Yam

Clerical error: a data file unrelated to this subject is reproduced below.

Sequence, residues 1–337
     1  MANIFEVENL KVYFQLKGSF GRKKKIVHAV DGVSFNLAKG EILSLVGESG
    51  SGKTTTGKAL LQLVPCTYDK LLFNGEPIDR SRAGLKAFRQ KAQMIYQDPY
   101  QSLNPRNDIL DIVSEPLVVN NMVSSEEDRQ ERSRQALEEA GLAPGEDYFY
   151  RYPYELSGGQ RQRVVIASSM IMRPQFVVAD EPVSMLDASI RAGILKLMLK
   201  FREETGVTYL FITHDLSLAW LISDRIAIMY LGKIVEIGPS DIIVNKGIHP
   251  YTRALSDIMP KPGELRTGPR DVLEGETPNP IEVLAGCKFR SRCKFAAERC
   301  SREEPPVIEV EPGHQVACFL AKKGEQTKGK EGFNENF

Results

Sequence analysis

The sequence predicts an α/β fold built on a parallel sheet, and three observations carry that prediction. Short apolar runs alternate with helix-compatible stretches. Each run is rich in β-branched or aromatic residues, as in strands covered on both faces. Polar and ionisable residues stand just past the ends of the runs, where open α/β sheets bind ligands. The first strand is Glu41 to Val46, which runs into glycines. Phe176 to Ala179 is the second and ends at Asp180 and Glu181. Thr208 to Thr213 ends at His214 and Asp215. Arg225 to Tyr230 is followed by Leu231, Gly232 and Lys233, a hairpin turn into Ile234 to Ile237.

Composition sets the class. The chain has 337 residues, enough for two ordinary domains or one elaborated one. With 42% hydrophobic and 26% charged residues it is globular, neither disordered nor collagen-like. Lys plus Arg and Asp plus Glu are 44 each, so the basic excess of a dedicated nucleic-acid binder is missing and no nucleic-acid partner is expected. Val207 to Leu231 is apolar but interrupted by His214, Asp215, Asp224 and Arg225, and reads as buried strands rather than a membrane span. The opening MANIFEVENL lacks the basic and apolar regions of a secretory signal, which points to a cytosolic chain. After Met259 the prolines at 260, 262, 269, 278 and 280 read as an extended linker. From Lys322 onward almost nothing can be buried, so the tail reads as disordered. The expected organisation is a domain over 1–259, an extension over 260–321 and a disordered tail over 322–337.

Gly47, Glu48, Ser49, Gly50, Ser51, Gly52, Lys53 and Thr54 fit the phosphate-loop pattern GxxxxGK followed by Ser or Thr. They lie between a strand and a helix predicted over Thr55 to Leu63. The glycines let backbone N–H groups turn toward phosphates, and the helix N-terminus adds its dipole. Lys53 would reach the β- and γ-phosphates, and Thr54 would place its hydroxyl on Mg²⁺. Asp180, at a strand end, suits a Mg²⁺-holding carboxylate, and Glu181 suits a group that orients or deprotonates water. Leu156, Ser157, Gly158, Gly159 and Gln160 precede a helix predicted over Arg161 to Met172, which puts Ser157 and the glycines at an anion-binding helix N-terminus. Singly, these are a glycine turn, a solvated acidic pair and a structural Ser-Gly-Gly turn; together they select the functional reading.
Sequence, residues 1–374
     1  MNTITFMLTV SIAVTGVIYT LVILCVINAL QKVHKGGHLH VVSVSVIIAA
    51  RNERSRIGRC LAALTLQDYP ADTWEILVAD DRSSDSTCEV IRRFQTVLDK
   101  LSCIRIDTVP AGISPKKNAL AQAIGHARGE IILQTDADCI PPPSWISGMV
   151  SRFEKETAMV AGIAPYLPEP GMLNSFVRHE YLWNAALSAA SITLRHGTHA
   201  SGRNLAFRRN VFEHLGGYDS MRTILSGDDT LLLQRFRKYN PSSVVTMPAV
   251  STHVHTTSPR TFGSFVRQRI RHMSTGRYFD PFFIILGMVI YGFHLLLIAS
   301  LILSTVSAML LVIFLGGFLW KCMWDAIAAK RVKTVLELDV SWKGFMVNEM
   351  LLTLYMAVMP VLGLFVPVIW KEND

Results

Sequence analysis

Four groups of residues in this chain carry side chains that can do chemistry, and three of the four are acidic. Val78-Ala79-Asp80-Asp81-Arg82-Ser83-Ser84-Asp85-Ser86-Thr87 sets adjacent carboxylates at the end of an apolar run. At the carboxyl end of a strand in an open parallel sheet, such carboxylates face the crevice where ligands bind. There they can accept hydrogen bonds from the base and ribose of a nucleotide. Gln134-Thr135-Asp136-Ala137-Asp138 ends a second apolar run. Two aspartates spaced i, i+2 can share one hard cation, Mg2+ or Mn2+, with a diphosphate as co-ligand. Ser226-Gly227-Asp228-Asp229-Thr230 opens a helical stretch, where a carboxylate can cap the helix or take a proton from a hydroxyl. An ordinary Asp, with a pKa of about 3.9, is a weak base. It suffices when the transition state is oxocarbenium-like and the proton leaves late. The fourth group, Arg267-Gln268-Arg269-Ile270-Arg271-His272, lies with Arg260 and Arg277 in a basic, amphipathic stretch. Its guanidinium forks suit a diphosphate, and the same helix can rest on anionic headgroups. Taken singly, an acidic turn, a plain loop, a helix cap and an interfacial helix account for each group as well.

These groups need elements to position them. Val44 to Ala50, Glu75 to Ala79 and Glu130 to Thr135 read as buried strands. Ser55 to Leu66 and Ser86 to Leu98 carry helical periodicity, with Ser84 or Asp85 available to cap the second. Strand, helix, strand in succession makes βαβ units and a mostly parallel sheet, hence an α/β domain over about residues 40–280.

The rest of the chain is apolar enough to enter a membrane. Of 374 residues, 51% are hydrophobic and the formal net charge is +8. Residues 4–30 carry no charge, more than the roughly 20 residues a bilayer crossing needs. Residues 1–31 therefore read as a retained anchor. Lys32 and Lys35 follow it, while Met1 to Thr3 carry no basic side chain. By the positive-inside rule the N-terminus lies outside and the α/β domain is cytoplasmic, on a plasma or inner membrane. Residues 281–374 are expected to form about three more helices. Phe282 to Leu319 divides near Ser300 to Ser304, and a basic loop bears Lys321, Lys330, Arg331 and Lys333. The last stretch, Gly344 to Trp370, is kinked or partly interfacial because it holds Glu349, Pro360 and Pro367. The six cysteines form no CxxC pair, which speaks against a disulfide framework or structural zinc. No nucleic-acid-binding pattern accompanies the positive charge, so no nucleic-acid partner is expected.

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Whatever your supermarket may claim, the “yams” they have for sale are almost certainly not yams. The yam that am is an African tuber not at all related to the native American sweet potato, which is often marketed as a yam. The sweet potato (Ipomoea batatas) is a small thing compared to a true yam, which has orange flesh and a fairly smooth, potatolike skin. I. batatas does have a white-fleshed variety, but it is sold as boniato and not yam. The true yam (Dioscorea spp.) is large, has white flesh (D. rotundata) or yellow flesh (D. cayenensis), and appears only in U.S. markets that offer the full range of tropical tubers. Even these Linnaean names incorporate the confusion that surrounds this extremely valuable plant. By one theory, the yellow and white yams are part of the same “species complex, ” but, van Wyk points out, they do not have the same number of chromosomes.

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